RichardCarrier is a published historian and philosopher with a Ph.D. in Greco-Roman intellectual history from Columbia University. He is the author of Sense and Goodness without God: A Defense of Metaphysical Naturalism and Not the Impossible Faith, as well as a major contributing author to The Empty Tomb: Jesus Beyond The Grave. A professional writer and teacher, he also translates English, German, French, Latin, and (Ancient) Greek. He has published many articles in books, journals, and magazines, and was featured in the documentary film The God Who Wasn't There. He is a veteran of the United States Coast Guard and served as Editor in Chief of the Secular Web for several years, where he has long been one of their most frequently read authors. His popular online essays can be found at: http://www.infidels.org/library/modern/richard_carrier.
For more biographical information, go here:
I contacted Carrier and asked him about the future of Christianity and religion in general, problems with academic philosophy, the Jesus Project, secularism and human happiness, and his idea for a truly representative congress.
The Future of Christianity and Religion:
Ben Dench: What do you see happening for the "religious/philosophy" orientation in the U.S. and/or globally over the next 100 years?
Richard Carrier: I predict Evangelicals and Catholics (and Mormons and Baptists and everyone else) will not be able to arrest the current trend in younger generations toward liberal non-denominationalism and the abandonment of the entire church-sermon model that Christianity has maintained so far. The young are leaving in droves, and the reasons seem clearly beyond the ability of the church model to answer, even in principle. Michael Horton's Christless Christianity and Frank Turek's latest battle cry on crossexamined.org exemplifies the panic this is already inducing among the older generation of conservatives. It will only get worse.
Within fifty years there will be a remarkable trend toward more ambiguous spirituality. The bible and sectarian doctrine will have increasingly less importance even among professed Christians. But the majority will still be believers and embrace various amounts of the supernatural, and there will still be a sizable minority clinging to organized, even conservative religion.
Within a hundred years America will look more like Sweden in terms of religious demographics, though not entirely. America will still have a peculiarly large segment of conservative religious minorities, and of New Age style religiosity, but its majority will be effectively secular.
This all hinges on things continuing the next hundred years the way that they have so far the last hundred years. Any catastrophic changes in the course of events can change everything. Then all bets are off.
See my recent blog on this:
BD: I'm sure to many Americans it seems like fundamentalism is alive and well. Can you go into a little more detail about how we know that this surface appearance is really deceiving and that the movement is actually taking on water?
RC: Numbers. Just count them. Then look at where the counts were forty, fifty years ago, and do the math. Even in the last fifteen years the U.S. Religious Landscape Survey has tracked a decline in their numbers. You can also listen in on their own chatter. They are freaking out over how badly they are hemorrhaging youth. Those leaving, of course, are still pursuing Christianity, just a lot less conservative variations of it. And some are coming all the way over to our side.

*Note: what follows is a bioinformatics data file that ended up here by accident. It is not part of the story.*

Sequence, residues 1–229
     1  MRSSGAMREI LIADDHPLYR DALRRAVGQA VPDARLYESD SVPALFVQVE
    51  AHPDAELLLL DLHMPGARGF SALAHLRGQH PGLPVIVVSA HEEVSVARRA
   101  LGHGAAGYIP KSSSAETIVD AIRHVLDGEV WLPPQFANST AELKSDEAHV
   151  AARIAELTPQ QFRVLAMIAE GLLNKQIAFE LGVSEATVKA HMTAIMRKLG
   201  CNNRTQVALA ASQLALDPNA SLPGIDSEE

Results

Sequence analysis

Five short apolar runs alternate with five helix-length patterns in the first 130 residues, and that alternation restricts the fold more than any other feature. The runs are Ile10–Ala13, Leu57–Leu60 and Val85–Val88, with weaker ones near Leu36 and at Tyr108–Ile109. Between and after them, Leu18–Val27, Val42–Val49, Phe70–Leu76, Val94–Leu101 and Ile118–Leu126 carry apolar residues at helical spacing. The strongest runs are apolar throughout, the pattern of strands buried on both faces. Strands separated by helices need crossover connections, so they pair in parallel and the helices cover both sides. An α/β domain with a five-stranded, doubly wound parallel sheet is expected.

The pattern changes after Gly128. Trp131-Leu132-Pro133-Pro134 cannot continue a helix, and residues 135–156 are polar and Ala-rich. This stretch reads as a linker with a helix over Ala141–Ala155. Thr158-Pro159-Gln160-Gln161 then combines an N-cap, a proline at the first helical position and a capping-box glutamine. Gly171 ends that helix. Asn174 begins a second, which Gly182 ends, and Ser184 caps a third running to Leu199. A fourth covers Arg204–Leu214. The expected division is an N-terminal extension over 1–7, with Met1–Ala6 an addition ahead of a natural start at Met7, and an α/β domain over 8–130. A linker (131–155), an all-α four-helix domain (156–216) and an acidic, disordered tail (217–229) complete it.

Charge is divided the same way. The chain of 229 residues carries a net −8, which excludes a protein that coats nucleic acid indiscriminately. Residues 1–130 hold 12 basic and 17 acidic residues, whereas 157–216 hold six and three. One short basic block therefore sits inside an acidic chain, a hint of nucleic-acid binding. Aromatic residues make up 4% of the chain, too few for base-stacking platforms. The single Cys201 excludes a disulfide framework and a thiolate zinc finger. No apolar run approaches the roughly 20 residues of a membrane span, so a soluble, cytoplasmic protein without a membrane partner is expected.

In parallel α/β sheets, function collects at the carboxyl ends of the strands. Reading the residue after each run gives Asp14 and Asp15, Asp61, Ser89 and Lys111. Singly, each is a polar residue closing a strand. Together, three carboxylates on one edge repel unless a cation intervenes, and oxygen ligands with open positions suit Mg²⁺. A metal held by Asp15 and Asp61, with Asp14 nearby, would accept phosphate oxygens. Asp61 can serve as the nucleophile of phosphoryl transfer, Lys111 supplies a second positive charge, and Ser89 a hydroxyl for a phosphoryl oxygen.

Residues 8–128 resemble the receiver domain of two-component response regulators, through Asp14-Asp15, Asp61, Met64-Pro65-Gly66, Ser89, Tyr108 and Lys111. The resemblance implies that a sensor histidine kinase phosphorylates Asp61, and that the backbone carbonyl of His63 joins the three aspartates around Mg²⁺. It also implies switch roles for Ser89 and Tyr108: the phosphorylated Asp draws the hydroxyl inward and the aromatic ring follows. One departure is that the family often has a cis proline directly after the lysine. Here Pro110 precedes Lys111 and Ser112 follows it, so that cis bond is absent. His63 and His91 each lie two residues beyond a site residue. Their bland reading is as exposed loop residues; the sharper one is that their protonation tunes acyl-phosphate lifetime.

BD: What are the reasons that the young are leaving in droves, and why is it beyond the ability of the church model to answer, even in principle?
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RC: Because society and technology have changed so greatly, people just don't join social networks of the sort the church model served. They have more diverse friends, no longer quarantined by neighborhood, or even city or region. Everyone is more mobile, and increasingly urban. They have more access to mass media, including interactive mass media (the internet most generally, but not only). They have many friends and (increasingly) family of other faiths. And they have ambitions and interests and desires the old model couldn't even comprehend much less cope with. The old method was to browbeat with sermons and social networks of acceptance/rejection and approval/disapproval. But now that it's so easy to ditch any social network to join another, that model will only cause defection to more agreeable social networks. The very methods the church-sermon model employs at its foundation, are the very methods that are destroying its future base. Kids now know when they are being played, they are a lot harder to scare or lie to, they have much easier access to "second opinions" on any claim or effort, they see others getting along fine without any particular faith dogmas, and they can locate comfortable networks for society and support that no longer depend on religious affiliation. They also see the hypocrisy and silliness and self-defeating behavior of the most conservative Christians, and can no longer be socialized into accepting or overlooking it. There's just no way to repackage Christianity that will ever gain numbers anymore, except by tilting it to the center politically, socially, and philosophically. Which by definition entails the demise of fundamentalism.
BD: Can you talk more about the effect of new technology in regards to religion?
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Ben Dench graduated valedictorian of his class from The Richard Stockton College of New Jersey in the Spring Semester of 2007 with a B.A. in philosophy (his graduation speech, which received high praise, is available on YouTube). He is currently (more...
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